** In the same episode, Jeremy hears a rumour that two people died in the an artificial lake. He at first pins the blame on a runaway arapima, which is already scary enough. What trumps this though is the fact that the lake also tends to spew out toxic gases strong enough to kill anyon


* Another cephalopodian predator is the Humboldt Squid; a pack-hunter that is not only perfectly willing to attack humans, but is so voracious that the style of catching them amounts to "use a horrifically barbed jig to snare one, then try to haul in the three or four of its buddies that will be ''eating it alive in a cannibalistic feeding frenzy'' once they sense it's wounded". Maybe the scariest part is when the Peruvian fisherman who regularly catch them note that anyone who falls over when Humboldt Squid are around pretty much is done for; if they aren't torn apart in a flurry of snapping beaks and barbed tentacles, then the squids will work together to drag them into the deep for consumption. Especially when you recall that Jeremy just pointed out that the low, sloped sides of the ships specialized in catching these squid make it ''very'' easy to fall overboard...

to:

* Another cephalopodian predator is the Humboldt Squid; a pack-hunter that is not only perfectly willing to attack humans, but is so voracious that the style of catching them amounts to "use a horrifically barbed jig to snare one, then try to haul in the three or four of its buddies that will be ''eating it alive in a cannibalistic feeding frenzy'' once they sense it's wounded". Maybe the scariest part is when the Peruvian fisherman who regularly catch them note that anyone who falls over when Humboldt Squid are around pretty much is done for; if they aren't torn apart in a flurry of snapping beaks and barbed tentacles, then the squids will work together to drag them into the deep for consumption. Especially when you recall that Jeremy just pointed out that the low, sloped sides of the ships specialized in catching these squid make it ''very'' easy to fall overboard...overboard...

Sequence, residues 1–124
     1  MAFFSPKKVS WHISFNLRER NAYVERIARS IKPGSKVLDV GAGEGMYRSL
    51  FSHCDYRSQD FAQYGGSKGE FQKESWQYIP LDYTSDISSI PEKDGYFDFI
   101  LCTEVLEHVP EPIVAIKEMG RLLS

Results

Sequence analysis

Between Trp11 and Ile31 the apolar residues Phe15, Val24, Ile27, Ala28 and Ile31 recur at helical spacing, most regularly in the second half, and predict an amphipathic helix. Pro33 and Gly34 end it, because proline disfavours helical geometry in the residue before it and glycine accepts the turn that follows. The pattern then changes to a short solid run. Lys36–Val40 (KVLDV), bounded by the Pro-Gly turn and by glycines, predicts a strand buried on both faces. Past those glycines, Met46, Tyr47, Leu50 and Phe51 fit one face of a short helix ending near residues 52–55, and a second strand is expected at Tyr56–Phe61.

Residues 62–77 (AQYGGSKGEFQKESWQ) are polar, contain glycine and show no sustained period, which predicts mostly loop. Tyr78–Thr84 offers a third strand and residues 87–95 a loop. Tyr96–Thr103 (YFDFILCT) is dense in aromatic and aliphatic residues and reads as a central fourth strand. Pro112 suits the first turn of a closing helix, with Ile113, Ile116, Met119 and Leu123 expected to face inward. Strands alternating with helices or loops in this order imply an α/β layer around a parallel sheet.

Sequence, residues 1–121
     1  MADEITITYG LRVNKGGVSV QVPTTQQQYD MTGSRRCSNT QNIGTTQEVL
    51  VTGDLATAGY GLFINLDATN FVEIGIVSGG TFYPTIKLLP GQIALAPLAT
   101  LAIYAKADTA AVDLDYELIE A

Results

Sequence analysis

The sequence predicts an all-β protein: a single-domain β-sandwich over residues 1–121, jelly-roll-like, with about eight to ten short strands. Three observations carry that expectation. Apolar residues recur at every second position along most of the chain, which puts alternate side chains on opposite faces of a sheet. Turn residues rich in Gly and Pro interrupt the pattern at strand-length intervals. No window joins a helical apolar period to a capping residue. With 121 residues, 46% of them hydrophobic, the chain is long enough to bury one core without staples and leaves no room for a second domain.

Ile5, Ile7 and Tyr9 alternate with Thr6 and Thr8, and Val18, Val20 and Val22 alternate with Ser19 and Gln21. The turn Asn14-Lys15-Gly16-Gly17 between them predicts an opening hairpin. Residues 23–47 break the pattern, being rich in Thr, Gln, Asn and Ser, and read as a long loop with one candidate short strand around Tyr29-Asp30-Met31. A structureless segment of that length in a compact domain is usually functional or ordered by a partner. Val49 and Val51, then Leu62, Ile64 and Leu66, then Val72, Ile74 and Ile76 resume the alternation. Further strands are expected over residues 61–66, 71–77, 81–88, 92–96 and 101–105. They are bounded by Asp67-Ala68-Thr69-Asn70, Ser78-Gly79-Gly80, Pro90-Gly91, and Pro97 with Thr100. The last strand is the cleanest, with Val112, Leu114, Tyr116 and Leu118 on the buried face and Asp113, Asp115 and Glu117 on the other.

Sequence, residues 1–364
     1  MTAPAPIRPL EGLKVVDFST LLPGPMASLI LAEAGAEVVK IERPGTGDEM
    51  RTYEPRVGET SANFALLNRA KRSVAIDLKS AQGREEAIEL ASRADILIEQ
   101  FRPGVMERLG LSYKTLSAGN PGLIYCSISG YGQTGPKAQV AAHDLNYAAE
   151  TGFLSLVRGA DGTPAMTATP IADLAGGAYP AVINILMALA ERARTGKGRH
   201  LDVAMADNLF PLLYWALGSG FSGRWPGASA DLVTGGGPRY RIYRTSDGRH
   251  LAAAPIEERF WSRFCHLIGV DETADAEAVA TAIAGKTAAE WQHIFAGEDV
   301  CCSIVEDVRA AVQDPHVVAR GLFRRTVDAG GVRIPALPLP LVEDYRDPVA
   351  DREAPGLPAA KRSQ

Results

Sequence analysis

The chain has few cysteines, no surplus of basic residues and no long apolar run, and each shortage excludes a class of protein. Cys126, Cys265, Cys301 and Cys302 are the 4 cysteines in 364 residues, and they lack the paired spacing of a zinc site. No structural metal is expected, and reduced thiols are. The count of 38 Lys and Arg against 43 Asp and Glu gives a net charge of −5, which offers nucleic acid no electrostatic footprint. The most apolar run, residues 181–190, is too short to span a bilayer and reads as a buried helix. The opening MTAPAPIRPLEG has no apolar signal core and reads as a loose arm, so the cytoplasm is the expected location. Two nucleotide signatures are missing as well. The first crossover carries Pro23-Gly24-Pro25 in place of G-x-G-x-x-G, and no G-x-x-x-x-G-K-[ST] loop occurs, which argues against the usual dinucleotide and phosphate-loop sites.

* Season 7 finishes with the episode "Prehistoric Terrors", a 90 minute long special focusing on the most impressive monstrous fish of prehistory. With the exception of the "Goliath Ghostfish", Leedsicthys Problematica, which was a plankton-eating fish the size of a humpback whale, all of them fall under this.
** The 10ft long Xenacanthaus, or "Eel Shark", a swamp-dwelling shark with an elongated, flexible body adapted for ambush predation in the tangled environment it lived in.
** The Xiphactinus, a 20-plus foot-long open-oceanic monster that can be described as a giant tigerfish with the speed of a sailfish.
** The "Megapiranha", a ''three foot long'' piranha species that even looks like the monsters from the 2000s remake of the classic horror movie. Although ultimately rated low because of their small size and their lack of any evidence to suggest they were pack-hunters, Jeremy notes that after all his study of piranhas, he can just imagine how terrifying a pack of 3ft long giants would be.
** The Heliocoprion, the Spiral-Saw Jawed Shark. This giant, swift-moving shark was specially adapted for eating soft-bodied victims, and grew more than half again the size of the biggest Great Whites seen today.
** The Dunkleosteus, which almost wins the place of "greatest river monster of all time". An enormous armor-plated cannibalistic killing machine with perhaps the strongest bite force ''ever discovered''. Capable of delivering 8000 pounds per square inch of pressure in 5/100ths of a second, the Dunkleosteus was a 20ft long -- or maybe even bigger! -- monster whose boltcutter-like jaws could shear through armor plating, flesh and bone in a single deadly bite. One of these things could have bitten a man in half with all the effort of a man with good teeth biting through a fresh cinnamon donut. They literally redefined predation, that's how much of an innovation their jaws were.
** Finally, the winner of the title? The Rhizodont, an ambush predator the size of an orca with teeth like daggers and a hunting style akin to a crocodile's.